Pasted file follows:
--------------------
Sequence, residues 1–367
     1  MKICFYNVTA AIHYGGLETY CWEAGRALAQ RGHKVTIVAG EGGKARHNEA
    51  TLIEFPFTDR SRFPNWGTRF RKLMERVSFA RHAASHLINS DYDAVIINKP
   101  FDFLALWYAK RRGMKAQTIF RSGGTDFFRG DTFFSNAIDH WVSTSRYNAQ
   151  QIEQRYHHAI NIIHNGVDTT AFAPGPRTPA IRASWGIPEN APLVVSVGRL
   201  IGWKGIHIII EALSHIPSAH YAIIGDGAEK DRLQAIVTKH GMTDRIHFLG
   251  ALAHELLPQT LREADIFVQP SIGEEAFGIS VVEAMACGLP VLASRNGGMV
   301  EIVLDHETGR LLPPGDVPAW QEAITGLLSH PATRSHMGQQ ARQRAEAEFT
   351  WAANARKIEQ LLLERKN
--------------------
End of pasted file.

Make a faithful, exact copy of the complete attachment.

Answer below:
Sequence, residues 1–367
     1  MKICFYNVTA AIHYGGLETY CWEAGRALAQ RGHKVTIVAG EGGKARHNEA
    51  TLIEFPFTDR SRFPNWGTRF RKLMERVSFA RHAASHLINS DYDAVIINKP
   101  FDFLALWYAK RRGMKAQTIF RSGGTDFFRG DTFFSNAIDH WVSTSRYNAQ
   151  QIEQRYHHAI NIIHNGVDTT AFAPGPRTPA IRASWGIPEN APLVVSVGRL
   201  IGWKGIHIII EALSHIPSAH YAIIGDGAEK DRLQAIVTKH GMTDRIHFLG
   251  ALAHELLPQT LREADIFVQP SIGEEAFGIS VVEAMACGLP VLASRNGGMV
   301  EIVLDHETGR LLPPGDVPAW QEAITGLLSH PATRSHMGQQ ARQRAEAEFT
   351  WAANARKIEQ LLLERKN